Armbrust EV, Berges JA, Bowler C, Green BR, Martinez D, Putnam NH, et al. The genome of the diatom Thalassiosira pseudonana: ecology, evolution, and metabolism. Science. 2004;306:79–86.
Azizan A, Ahamad Bustamam MS, Maulidiani M, Shaari K, Ismail IS, Nagao N, et al. Metabolite profiling of the microalgal diatom Chaetoceros calcitrans and correlation with antioxidant and nitric oxide inhibitory activities via 1H NMR-based metabolomics. Mar Drugs. 2018;16:154.
Hellebust JA. Excretion of some organic compounds by marine phytoplankton 1. Limnol Oceanogr. 1965;10:192–206.
Boroujerdi AF, Lee PA, DiTullio GR, Janech MG, Vied SB, Bearden DW. Identification of isethionic acid and other small molecule metabolites of Fragilariopsis cylindrus with nuclear magnetic resonance. Anal Bioanal Chem. 2012;404:777–84.
Iglesias MJ, Soengas R, Probert I, Guilloud E, Gourvil P, Mehiri M, et al. NMR characterization and evaluation of antibacterial and antiobiofilm activity of organic extracts from stationary phase batch cultures of five marine microalgae (Dunaliella sp., D. salina, Chaetoceros calcitrans, C. gracilis and Tisochrysis lutea). Phytochemistry. 2019;164:192–205.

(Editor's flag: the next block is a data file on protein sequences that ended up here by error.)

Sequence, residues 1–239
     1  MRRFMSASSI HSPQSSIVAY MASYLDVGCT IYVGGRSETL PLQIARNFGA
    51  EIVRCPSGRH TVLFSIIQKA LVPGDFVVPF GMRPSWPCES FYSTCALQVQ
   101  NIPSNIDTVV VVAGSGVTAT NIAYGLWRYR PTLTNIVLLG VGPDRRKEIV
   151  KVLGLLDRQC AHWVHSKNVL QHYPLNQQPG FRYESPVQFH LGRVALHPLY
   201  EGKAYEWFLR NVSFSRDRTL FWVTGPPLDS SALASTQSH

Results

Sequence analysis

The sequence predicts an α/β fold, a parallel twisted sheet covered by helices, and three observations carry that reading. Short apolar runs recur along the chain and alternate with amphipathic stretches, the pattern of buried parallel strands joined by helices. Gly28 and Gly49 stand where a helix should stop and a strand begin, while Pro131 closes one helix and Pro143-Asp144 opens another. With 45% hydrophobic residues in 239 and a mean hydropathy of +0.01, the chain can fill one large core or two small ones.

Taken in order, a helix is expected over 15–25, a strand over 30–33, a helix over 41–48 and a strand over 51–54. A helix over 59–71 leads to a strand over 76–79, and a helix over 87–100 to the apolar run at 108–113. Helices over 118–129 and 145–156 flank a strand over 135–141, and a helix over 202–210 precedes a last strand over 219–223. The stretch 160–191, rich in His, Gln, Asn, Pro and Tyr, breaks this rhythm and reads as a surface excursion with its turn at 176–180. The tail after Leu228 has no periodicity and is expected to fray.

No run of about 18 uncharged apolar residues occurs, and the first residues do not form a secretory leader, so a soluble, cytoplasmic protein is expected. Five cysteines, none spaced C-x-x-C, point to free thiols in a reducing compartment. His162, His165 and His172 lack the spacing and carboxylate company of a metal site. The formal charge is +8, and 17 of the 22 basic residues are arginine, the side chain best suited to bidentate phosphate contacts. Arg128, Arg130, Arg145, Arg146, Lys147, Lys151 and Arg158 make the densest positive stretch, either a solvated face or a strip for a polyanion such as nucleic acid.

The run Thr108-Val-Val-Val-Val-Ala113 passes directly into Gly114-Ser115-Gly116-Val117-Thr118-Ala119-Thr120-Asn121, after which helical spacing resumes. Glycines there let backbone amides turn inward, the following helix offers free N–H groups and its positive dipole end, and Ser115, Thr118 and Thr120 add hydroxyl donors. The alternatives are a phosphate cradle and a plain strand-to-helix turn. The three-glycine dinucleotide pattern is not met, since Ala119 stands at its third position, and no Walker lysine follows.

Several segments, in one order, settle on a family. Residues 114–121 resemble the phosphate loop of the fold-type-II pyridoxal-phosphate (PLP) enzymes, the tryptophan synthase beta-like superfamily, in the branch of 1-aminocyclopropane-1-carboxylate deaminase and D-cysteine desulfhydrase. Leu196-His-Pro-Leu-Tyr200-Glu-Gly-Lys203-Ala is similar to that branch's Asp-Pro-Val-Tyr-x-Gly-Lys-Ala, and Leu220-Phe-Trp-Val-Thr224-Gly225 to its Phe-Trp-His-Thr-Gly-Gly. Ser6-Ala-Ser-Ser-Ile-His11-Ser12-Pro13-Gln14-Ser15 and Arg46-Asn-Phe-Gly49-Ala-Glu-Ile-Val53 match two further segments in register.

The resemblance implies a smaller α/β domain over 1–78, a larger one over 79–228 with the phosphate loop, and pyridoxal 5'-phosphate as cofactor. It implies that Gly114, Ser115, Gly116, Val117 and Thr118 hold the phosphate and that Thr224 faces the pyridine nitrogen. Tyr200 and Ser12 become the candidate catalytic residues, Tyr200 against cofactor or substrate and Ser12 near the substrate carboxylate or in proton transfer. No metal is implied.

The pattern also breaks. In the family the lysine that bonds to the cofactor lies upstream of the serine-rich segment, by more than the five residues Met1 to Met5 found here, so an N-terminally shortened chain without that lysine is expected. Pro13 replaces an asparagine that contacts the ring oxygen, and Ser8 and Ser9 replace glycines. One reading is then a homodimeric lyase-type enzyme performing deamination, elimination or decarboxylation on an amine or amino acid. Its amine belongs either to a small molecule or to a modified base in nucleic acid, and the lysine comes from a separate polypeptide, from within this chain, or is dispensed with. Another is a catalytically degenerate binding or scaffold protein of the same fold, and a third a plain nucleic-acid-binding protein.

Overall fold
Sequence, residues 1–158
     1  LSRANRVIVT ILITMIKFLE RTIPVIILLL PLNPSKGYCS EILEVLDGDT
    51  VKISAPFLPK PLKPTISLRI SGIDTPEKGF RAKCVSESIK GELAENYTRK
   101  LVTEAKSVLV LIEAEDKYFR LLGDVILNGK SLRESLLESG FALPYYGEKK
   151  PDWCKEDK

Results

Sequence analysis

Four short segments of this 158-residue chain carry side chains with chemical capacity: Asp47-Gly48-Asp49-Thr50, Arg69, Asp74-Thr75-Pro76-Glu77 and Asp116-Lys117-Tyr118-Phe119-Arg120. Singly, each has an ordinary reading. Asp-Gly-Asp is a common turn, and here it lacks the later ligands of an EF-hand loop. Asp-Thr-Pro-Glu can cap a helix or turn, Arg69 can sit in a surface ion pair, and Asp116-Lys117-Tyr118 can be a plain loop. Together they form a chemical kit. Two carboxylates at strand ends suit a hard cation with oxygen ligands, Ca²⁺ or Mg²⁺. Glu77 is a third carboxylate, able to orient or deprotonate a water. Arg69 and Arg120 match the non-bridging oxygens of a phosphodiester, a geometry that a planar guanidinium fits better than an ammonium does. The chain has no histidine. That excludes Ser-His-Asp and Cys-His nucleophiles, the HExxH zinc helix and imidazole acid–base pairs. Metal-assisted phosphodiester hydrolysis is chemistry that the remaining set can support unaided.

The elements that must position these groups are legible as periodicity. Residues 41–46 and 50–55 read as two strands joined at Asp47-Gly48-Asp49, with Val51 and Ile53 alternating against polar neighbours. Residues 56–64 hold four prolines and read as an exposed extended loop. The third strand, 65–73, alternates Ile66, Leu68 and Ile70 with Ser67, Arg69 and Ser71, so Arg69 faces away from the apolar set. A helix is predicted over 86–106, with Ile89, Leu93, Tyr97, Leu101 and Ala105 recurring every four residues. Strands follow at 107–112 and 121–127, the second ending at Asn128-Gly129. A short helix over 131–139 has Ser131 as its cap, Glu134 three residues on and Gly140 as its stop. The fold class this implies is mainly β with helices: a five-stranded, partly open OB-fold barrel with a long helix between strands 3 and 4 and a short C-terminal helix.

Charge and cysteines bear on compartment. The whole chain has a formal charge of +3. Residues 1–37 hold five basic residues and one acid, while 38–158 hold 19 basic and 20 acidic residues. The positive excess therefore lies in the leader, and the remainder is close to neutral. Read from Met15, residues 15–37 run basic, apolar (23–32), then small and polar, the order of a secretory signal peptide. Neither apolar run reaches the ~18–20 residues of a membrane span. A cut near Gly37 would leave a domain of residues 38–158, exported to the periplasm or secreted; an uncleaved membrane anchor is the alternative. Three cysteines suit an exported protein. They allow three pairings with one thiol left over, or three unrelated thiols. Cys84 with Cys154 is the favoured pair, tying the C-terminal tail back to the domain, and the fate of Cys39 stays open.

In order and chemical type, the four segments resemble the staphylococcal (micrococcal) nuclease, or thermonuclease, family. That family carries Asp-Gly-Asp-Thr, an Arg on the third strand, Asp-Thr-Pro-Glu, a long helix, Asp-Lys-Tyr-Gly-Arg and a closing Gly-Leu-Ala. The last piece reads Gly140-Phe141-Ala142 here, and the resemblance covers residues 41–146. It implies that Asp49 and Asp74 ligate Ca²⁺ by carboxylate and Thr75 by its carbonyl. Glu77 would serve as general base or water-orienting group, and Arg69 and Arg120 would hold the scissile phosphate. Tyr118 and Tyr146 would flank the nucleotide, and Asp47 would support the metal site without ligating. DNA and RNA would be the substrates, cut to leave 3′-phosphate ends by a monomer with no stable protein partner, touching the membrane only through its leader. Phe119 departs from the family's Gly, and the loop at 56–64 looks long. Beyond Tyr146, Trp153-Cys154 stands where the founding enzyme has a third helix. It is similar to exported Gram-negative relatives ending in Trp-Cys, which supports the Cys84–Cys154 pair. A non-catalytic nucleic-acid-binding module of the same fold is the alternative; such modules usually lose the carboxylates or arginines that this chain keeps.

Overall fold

Jeong K-S, Jeong K-Y, Hong Y-S, Kim D-K, Oh H-J, Chang K-H. Application of nuclear magnetic resonance for analyzing metabolic characteristics of winter diatom blooms. J Plank Res. 2020;42:31–9.
Scholz B, Liebezeit G. Compatible solutes in three marine intertidal microphytobenthic Wadden Sea diatoms exposed to different salinities. Eur J Phycol. 2012;47:393–407.
Bell W, Mitchell R. Chemotactic and growth responses of marine bacteria to algal extracellular products. Biol Bull. 1972;143:265–77.
Miller TR, Hnilicka K, Dziedzic A, Desplats P, Belas R. Chemotaxis of Silicibacter sp. strain TM1040 toward dinoflagellate products. Appl Environ Microbiol. 2004;70:4692–701.
Rocap G, Larimer FW, Lamerdin J, Malfatti S, Chain P, Ahlgren NA, et al. Genome divergence in two Prochlorococcus ecotypes reflects oceanic niche differentiation. Nature. 2003;424:1042–7.
Basan M, Hui S, Okano H, Zhang Z, Shen Y, Williamson JR, et al. Overflow metabolism in Escherichia coli results from efficient proteome allocation. Nature. 2015;528:99–104.